A species of giant hornets native to Asia, nicknamed “murder hornets,” with mandibles that look like spiky shark fins they use to bite the heads off honeybees. People who've been stung by these hornets say their venom and stingers feel like hot metal driving into skin.
They make an appearance in the viral video above, by YouTube persona Coyote Peterson.
“Murder hornets” have arrived in the United States. And scientists fear they may further destroy fragile honeybee populations, reports Mike Baker in the New York Times. The story opens with a beekeeper realizing his hive has been decimated by the 'murder hornets':
With queens that can grow to two inches long, Asian giant hornets can use mandibles shaped like spiked shark fins to wipe out a honeybee hive in a matter of hours, decapitating the bees and flying away with the thoraxes to feed their young. For larger targets, the hornet’s potent venom and stinger — long enough to puncture a beekeeping suit — make for an excruciating combination that victims have likened to hot metal driving into their skin.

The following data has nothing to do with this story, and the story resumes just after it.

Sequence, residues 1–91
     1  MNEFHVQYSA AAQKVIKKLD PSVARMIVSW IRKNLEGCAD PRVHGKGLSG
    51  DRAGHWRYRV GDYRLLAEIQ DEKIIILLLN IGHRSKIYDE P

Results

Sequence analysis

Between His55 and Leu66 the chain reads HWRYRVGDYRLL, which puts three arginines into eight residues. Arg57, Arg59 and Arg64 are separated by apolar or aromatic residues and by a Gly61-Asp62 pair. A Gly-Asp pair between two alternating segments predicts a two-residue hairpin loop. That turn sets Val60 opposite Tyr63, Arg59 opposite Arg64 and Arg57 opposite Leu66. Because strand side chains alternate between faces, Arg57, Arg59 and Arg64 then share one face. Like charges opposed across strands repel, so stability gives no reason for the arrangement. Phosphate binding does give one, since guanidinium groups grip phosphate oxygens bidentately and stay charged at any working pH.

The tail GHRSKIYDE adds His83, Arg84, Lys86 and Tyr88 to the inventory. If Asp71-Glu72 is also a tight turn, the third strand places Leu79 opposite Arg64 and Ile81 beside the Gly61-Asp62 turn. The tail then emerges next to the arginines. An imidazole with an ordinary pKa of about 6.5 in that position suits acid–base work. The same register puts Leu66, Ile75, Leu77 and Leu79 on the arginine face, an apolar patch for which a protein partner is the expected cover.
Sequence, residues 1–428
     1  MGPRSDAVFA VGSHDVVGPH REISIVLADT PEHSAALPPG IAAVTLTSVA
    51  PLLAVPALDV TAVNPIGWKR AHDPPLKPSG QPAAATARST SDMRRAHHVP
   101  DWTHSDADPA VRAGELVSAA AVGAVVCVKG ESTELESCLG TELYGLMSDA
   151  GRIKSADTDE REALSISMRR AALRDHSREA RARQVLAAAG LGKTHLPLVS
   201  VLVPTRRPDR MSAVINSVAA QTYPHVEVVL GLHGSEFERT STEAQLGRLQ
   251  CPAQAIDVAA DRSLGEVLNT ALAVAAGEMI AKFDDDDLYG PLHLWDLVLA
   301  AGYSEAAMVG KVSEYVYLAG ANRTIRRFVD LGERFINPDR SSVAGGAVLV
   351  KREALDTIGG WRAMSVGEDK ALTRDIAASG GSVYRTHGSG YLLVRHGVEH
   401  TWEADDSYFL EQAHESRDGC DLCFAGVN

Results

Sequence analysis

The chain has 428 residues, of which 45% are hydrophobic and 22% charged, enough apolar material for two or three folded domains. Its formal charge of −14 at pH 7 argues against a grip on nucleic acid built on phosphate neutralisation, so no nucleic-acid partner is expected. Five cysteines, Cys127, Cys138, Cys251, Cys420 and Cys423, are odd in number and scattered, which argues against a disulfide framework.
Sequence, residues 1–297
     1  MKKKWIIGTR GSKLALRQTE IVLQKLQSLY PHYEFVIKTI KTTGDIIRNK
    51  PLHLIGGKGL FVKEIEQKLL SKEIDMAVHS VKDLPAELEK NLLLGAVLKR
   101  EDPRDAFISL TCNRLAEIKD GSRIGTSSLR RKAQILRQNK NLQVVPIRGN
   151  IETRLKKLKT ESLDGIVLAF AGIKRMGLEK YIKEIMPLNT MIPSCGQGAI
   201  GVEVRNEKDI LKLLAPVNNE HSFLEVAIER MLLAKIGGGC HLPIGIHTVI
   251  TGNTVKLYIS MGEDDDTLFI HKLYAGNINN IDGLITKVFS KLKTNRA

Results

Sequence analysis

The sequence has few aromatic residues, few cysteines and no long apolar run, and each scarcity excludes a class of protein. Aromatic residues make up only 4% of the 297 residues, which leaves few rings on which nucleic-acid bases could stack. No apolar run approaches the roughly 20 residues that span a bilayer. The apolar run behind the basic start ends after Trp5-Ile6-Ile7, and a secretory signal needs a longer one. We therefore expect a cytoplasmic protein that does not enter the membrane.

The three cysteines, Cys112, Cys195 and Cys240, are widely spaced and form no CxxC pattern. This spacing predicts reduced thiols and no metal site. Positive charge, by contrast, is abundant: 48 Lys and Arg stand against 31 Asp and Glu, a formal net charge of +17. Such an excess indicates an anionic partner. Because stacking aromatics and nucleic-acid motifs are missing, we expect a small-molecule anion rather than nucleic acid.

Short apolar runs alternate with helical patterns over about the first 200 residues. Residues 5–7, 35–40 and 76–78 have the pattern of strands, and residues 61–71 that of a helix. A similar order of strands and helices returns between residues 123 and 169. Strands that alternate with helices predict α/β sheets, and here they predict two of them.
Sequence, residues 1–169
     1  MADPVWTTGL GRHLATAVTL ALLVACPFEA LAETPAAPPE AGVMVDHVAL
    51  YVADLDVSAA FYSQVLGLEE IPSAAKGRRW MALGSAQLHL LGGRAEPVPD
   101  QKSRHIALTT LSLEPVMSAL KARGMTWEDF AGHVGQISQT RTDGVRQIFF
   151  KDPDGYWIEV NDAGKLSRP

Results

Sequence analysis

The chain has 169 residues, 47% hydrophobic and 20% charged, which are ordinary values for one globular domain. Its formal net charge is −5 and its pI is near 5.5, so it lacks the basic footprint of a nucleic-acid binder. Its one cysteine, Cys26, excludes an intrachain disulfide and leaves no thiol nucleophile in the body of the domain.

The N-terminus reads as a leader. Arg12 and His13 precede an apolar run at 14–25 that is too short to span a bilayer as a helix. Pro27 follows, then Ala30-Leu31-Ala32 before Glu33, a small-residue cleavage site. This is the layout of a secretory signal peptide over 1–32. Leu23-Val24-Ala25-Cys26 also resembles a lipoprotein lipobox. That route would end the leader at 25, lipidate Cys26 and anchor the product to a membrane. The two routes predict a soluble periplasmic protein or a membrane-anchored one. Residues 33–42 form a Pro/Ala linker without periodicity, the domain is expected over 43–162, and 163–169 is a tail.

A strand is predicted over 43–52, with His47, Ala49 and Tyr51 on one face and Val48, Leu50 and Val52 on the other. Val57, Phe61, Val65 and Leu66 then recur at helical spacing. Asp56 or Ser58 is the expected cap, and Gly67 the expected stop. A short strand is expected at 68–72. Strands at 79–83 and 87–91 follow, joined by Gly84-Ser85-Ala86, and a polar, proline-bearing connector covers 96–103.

In Japan, the hornets kill up to 50 people a year. Now, for the first time, they have arrived in the United States.
Mr. McFall still is not certain that Asian giant hornets were responsible for the plunder of his hive. But two of the predatory insects were discovered last fall in the northwest corner of Washington State, a few miles north of his property — the first sightings in the United States.
Scientists have since embarked on a full-scale hunt for the hornets, worried that the invaders could decimate bee populations in the United States and establish such a deep presence that all hope for eradication could be lost.
Tracking the ‘Murder Hornet’: A Deadly Pest Has Reached North America
[Mike Baker, NYT]
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